It is essential that clinical laboratory administrators and pathologists understand the strategic implications and marketplace ramifications of these new healthcare delivery models. At the upcoming Executive War College on Lab and Pathology Management, which takes place on May 3-4 in New Orleans, a special extended session will tackle these important topics.

Addressing the subject of Accountable Care Organizations will be Tom Williams, Director of California’s Integrated Healthcare Association (IHA). IHA just released a White Paper that evaluated California’s 30 years of experience with ACOs. Williams also actively participates in administering a major physician pay-for-performance program that pays out more than $100 million in incentives each year to physicians in the Golden State.

Medical Homes and More

On the topic of Medical Homes, one of pathology’s brightest thinkers has been tapped to speak on this subject at the Executive War College. James M. Crawford, M.D., Ph.D., is the Chair of Pathology and Laboratory Medicine at North Shore Long Island Jewish Health System in Great Neck, New York. Crawford chairs the working committee which is developing North Shore LIJ’s medical home program. He will share his insider perspective on how doctors practicing in medical homes will be different users of laboratory tests and lab test data.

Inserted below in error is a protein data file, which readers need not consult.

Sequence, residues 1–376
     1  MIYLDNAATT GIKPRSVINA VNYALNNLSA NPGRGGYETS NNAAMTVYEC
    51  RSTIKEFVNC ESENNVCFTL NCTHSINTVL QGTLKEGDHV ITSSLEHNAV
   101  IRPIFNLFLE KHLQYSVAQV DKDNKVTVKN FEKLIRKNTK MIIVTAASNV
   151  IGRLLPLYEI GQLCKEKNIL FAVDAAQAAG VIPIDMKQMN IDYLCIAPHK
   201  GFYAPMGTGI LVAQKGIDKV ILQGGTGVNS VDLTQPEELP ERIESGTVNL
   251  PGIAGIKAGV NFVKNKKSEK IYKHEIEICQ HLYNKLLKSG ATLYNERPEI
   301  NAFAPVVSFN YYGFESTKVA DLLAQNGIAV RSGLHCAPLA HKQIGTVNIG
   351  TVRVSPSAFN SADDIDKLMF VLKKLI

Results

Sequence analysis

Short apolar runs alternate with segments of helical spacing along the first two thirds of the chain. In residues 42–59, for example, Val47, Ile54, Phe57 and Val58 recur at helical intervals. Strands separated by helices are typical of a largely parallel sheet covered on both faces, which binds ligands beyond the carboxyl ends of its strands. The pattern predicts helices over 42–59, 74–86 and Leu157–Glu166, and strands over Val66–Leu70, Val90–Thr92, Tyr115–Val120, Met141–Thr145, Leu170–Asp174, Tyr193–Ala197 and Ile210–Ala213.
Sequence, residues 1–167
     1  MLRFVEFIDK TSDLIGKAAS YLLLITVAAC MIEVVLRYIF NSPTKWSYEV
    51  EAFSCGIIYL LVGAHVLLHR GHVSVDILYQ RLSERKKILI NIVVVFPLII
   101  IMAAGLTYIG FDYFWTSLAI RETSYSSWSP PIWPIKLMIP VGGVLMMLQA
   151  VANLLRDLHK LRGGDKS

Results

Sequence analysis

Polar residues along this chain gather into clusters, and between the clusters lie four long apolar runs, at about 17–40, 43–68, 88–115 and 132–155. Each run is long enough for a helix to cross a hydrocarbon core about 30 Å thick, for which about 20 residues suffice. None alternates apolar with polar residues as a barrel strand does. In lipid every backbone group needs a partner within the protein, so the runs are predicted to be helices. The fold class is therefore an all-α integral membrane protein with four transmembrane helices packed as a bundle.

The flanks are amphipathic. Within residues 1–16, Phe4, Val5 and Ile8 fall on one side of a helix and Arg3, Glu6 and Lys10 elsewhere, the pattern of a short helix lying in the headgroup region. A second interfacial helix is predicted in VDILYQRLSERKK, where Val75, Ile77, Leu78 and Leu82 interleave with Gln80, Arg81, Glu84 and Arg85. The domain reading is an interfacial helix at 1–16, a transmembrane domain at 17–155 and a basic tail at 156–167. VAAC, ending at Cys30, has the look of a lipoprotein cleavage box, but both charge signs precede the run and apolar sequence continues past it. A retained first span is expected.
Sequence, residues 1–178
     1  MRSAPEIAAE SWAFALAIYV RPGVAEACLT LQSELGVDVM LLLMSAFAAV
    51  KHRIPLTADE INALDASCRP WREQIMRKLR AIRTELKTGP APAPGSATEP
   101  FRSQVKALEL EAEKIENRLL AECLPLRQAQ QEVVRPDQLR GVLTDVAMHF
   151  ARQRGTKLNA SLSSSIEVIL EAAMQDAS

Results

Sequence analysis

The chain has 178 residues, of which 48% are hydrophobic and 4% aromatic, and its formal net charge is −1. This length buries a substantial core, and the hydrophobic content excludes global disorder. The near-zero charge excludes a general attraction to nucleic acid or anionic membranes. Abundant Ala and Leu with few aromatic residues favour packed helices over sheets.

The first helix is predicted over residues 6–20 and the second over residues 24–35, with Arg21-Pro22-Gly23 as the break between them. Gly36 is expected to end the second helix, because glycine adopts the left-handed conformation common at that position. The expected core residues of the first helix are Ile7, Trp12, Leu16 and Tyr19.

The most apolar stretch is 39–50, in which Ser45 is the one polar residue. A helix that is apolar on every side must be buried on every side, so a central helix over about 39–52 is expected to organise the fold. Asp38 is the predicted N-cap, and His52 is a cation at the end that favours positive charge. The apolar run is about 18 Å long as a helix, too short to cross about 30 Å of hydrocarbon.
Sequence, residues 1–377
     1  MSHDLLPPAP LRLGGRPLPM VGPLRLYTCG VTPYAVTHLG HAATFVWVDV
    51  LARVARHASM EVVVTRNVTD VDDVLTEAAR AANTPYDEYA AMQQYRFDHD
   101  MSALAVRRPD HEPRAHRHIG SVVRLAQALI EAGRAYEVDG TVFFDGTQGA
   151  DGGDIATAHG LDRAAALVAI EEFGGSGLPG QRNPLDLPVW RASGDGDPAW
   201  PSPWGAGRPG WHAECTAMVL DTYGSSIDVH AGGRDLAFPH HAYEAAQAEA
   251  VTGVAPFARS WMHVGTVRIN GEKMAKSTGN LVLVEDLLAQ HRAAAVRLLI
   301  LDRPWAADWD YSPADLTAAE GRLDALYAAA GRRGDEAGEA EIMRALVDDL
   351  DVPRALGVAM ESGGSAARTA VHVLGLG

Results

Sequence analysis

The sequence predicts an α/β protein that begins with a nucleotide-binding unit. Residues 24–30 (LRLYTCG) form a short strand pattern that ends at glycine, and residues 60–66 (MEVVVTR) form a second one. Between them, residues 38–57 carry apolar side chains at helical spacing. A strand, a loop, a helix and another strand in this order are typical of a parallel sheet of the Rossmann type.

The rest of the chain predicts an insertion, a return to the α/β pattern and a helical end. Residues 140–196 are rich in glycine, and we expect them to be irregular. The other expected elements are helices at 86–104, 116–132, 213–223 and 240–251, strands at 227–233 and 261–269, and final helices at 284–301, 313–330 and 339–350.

Value Reimbursement

Speaking about the ways that value-based reimbursement will create opportunities for clinical labs and pathology groups to add value to clinicians will be George Lundberg, M.D., Ph.D., the noted pathologist and long-time editor of several major medical journals. Lundberg is an active commentator on healthcare trends and the reform movement.

This is an unprecedented opportunity for lab managers and pathologists to see, hear, and network with knowledgable experts on these three important health reform topics. After their presentations, there will be an open panel discussion so the Executive War College audience can ask focused questions and gain insights on their areas of keenest interest.

The full agenda can be viewed by visiting www.executivewarcollege.com. Lab leaders interested in attending this year’s Executive War College are encouraged to register early so as to guarantee their place at this information-filled conference.